Mormon Journal

By


In the Colorado Cold

Each year a group of us in Dallas gets together to backpack in the Colorado mountains. Our group consists of seven men ranging in age from 50 to 61. We come from different religious backgrounds, but the unifying feature of our group is that we all have a firm testimony of Jesus Christ as our Savior.

One year we decided to go camping the first week of July. The previous winter had been harsh, with more snow falling than in any of the past 20 years. The ground was dry where the sun shone through the trees, but in the shady areas there were snow piles two to three feet deep. Although the temperature was pleasant during the day, after the sun set the air quickly cooled. Our coldest morning reached 28 degrees.

All too soon our week of fishing and exploring was coming to an end. On Friday, our last day for adventure, we decided to break into two groups. Four of the men decided to go one direction, and Dan, Cecil, and I decided to go the opposite way in search of Lily Pond. Late in the afternoon we reached our destination and enjoyed the beautiful day while we circled the pond.

The day was now far spent, and we needed to get back to camp for the 6:00 P.M. dinner hour. We had almost reached Keer Lake when we saw two trucks in the muddy meadow. A pickup was stuck in mud up to the front bumper, and a three-quarter-ton flatbed, connected with a chain, was trying to pull it free. Dan and I decided to go help free the truck. Cecil had a bad back and would be unable to help, so he went back to camp to tell the others where we were.

Upon reaching the trucks we discovered three families: an older couple; their two married sons, both with their wives; and several children. All told, there were nine children ranging in age from 3 to 12, and six adults. The families had expected to spend the afternoon on a pleasure ride in the mountains, and, as it had been warm when they started out, they had not taken heavy clothing.

We worked for an hour and couldn’t budge the pickup. It was late in the day, and the temperature was dropping rapidly. Six of the children sat cold and hungry in the back of the pickup; they had last eaten at 2:00 P.M. Their shoes were wet from playing in the meadow, and they began to shiver from the cool mountain air. I decided to take the children back to our camp to dry them out and get them something warm to eat. Dan elected to remain in the meadow and continue working to free the truck.

As we were walking away from the meadow we heard a loud bang, and in looking back we saw the grandfather lying in the mud. The chain had snapped loose and struck him. Fortunately he wasn’t severely hurt and soon was back on his feet. It wasn’t until later we learned the family’s situation. The grandfather had had a heart attack six months earlier, and one son had been diagnosed with cancer and had only a short time to live. Fortunately the other son was healthy.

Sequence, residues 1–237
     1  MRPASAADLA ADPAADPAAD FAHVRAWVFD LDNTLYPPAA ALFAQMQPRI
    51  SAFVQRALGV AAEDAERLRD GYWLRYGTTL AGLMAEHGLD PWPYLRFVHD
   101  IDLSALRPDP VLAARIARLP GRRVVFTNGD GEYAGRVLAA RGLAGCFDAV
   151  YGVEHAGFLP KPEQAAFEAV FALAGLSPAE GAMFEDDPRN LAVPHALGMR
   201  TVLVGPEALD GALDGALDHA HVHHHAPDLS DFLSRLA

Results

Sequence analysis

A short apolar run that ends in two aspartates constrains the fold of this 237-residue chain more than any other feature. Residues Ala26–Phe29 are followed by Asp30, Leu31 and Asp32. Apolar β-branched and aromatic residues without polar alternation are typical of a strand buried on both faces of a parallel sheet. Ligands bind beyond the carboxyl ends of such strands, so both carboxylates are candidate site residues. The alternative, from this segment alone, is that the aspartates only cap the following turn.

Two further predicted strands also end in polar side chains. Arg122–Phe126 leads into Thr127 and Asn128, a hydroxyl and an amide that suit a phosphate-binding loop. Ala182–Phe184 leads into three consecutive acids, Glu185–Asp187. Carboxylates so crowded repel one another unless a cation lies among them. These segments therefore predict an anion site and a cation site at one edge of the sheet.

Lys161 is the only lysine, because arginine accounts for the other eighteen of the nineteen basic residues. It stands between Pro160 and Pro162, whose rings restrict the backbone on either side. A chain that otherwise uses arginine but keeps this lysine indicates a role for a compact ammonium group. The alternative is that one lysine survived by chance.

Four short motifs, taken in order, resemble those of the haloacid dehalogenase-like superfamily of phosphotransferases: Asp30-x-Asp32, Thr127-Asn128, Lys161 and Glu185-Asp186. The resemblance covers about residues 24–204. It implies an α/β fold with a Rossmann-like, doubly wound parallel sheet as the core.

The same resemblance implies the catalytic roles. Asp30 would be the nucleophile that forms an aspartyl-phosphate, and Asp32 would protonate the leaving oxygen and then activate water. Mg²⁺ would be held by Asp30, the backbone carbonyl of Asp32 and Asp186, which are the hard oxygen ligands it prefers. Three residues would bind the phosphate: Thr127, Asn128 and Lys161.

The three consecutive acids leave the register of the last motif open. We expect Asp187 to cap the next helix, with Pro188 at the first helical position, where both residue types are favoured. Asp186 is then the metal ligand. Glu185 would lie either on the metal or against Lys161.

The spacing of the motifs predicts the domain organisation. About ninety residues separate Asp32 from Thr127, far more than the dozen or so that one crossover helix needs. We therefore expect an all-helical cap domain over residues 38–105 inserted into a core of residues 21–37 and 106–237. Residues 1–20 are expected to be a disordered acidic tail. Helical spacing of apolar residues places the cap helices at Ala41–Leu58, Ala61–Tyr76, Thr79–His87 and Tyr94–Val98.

When I arrived at camp, my friends were surprised to see all the children. They immediately built up the fire and heated some hot chocolate. Everyone at camp had already eaten, and we shared the stew that was being saved for Dan and me. A prayer was offered that there would be enough food for the children and for those still in the meadow.

A cold rain started to fall, and without a word each man went to his tent, put on his rain gear, and left for the meadow, where another prayer was offered for the Lord to temper the elements. Within minutes the rain stopped.

It took another hour of working in the mud, but finally the truck was free. Everyone came back to camp to dry off and have something to eat. I saw Dan eating his dinner and was amazed at the heaping pile of stew on his plate. Then I looked into the pot; there were still two helpings left over after everyone had eaten. A meal that was prepared to feed 7 fed 17.

As we were talking, the healthy son told us that after struggling for several hours to free the truck, he had realized that the task was hopeless and had finally prayed for help. Upon looking up, he saw the men of our camp coming through the trees.

Another blessing came when a warm breeze began blowing through camp. We were all wet and cold, but the breeze warmed and comforted us. Two people commented on how warm it had turned. We needed that blessing, and even though we had not asked for it the Lord knew our need and provided for it.

Before our new friends left, we all stood in a circle around the campfire holding hands while the healthy son offered a prayer of thanksgiving. Then, people who had never met until that day hugged one another. Not much was said; we had reached that sacred moment when words were unnecessary. As they left our camp and disappeared through the pines we heard the children singing. A potential disaster had been averted.

Kenneth C. Rueckert teaches the Gospel Principles class in the Dallas Fourth Ward, Richardson Texas Stake.

Sabbath on the Ranch

When I was 14, our family moved to a small community in Oregon. Although jobs were scarce there, my father found a job at a sawmill 30 miles from our home. The work was hard and didn’t pay enough to support our family, and he came home exhausted every day. After work he attended to his duties as branch president. He often said that his body wasn’t up to the demands he was putting it through, but with the Lord’s help he would succeed.

At family home evening one night, we discussed the situation and decided my siblings and I, five of us in all, would go to work in the fields. It was harvest time, and we soon found employment on a farm. To make ends meet, Dad committed to work there too. The harvest had been slowed by rain that year, and it had come to the point where the crop either had to be harvested by the next day, Sunday, or it would probably mildew and rot. The farm owner, Mr. Cobine, came around to each of the workers and told us to plan on working the next day. Our family had always observed the Sabbath, but not wanting to upset Mr. Cobine, I simply nodded my head when he asked me to work the next day.